Smoke alarms that either don’t exist or are covered up, higher rents for permanent residents and a new service that helps hosts find somewhere to stay when they are renting out their entire homes – they’re all part of the “disruptive” effects of short-term holiday lets (STHL) like Airbnb and their ilk.
Our friends at BNBguard have been keeping an eye out for short-term holiday rental scandals and they’ve discovered a report that fewer than half the Airbnbs that allow smoking and only two-thirds of those that ban it have smoke detectors.
And some of units with smoke detectors will have plastic bags covering them – those disposable shower caps have to be useful for something.
The “smoking gun” study was conducted by researchers from Johns Hopkins Bloomberg School of Public Health who analyzed 413,339 Airbnb listings in 43 international cities across 17 countries, including Australia.
The findings, published online February 22 in the journal Preventive Medicine, highlight the lax safety standards travellers might encounter in residential accommodations when they travel.
“Cigarettes are consistently reported as a leading cause of residential fire deaths,” says Vanya Jones, PhD, the study’s lead. “Given that smoke detectors are an effective way to drastically reduce the number of fire deaths, it is concerning that venues that allow smoking would be less likely to be equipped with smoke detectors.”
Considering the Lacrosse and Neo200 fires in Melbourne, and the fatal Blacktown firs in Sydney were all caused by cigarettes, this is a serious issue.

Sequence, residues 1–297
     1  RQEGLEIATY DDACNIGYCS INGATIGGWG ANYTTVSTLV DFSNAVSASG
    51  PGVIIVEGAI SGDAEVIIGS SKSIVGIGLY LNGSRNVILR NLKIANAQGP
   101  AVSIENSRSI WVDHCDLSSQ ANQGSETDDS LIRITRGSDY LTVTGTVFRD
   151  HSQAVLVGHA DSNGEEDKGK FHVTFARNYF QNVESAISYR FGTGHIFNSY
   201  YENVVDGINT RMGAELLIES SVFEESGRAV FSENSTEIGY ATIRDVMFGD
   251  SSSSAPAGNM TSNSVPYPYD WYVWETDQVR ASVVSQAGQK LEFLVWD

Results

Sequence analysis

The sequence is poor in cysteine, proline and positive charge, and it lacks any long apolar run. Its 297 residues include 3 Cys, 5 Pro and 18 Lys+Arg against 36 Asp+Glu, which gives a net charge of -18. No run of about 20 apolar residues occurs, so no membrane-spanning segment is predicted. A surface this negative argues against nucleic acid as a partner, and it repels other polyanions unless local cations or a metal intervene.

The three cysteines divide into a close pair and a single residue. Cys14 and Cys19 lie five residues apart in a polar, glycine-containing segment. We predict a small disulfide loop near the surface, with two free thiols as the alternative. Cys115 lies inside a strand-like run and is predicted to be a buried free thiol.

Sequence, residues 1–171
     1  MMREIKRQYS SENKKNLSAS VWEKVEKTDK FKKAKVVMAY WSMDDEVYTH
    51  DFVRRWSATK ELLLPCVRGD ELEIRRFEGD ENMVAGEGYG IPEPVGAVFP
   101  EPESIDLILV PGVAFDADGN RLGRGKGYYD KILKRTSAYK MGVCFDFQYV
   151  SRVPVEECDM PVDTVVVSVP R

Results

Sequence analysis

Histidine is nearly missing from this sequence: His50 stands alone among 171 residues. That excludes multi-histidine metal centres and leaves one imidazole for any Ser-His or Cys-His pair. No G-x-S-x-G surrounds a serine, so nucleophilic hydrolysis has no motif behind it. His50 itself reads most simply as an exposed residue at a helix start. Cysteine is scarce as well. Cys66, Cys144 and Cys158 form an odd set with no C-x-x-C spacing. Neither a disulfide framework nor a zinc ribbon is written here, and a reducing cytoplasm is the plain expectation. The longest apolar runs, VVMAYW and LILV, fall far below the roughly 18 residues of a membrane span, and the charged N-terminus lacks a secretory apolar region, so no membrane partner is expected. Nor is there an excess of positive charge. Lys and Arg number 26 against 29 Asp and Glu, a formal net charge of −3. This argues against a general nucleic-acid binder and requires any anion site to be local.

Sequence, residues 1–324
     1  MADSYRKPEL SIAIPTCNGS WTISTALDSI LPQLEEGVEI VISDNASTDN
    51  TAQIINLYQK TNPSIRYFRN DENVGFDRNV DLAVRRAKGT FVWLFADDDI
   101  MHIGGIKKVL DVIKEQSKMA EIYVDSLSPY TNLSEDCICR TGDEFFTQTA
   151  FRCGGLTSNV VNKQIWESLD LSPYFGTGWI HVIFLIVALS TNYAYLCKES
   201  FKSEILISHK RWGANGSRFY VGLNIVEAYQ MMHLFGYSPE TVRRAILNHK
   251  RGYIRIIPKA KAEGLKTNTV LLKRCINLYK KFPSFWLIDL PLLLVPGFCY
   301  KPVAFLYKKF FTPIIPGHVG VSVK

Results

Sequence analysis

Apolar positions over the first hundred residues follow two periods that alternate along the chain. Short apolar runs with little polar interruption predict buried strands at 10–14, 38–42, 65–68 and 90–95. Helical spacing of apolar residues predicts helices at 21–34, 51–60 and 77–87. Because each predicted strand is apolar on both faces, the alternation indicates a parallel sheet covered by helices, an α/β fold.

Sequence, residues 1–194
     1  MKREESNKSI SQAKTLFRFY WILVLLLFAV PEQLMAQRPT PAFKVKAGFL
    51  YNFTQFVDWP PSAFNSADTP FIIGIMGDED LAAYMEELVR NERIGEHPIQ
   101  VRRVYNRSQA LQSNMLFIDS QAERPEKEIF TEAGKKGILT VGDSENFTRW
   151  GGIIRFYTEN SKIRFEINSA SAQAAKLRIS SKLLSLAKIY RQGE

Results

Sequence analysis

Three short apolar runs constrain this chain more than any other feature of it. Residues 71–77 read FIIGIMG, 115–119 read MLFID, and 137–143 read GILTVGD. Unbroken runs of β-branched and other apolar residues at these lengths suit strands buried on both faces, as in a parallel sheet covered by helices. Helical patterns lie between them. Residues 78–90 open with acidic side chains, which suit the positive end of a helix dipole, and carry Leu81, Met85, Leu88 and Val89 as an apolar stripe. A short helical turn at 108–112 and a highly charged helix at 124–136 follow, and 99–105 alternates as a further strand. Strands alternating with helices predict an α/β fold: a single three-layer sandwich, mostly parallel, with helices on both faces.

“More needs to be done to allow councils to enforce compliance at scale,” says Reuben Schwartz of BNBguard. “We’re working on it!”
Meanwhile a new report has proof that, despite Airbnb’s insistent denials, the spread of short-term holiday rentals is pushing up residential rents.
New modelling from the Reserve Bank shows STHLs are having a definite effect on rental prices despite the company’s assertions its business model doesn’t affect Australia’s housing market, according to a report in the New Daily.
University of Sydney professor Peter Phibbs is quotes as saying the “sharp link” between rents and vacancies rates – highlighted by a recent RBA report – demonstrated that home-share services like Airbnb are influencing the housing market.
“Airbnb spends a lot of time saying they have no impact on markets. What this paper shows is that they do,” he said.
Another report shows that regulations in many countries are slowing the spread of STHLs. Although the fact that the STHLs are growing three times as fast in unregulated Melbourne as they are in more restrictive Sydney is all the proof you need.
And finally, what do you do when a tourist wants to your rented apartment and your parents are sick of the sight of you?
As ever, the internet provides. BNBguard have unearthed a website that lets STHL hosts provide a bed for each other while their homes are being “shared”.
“Perfect for tenants subletting on the sly,” says Reuben Schwartz. You can find links to all these stories on BNBguard’s online blog.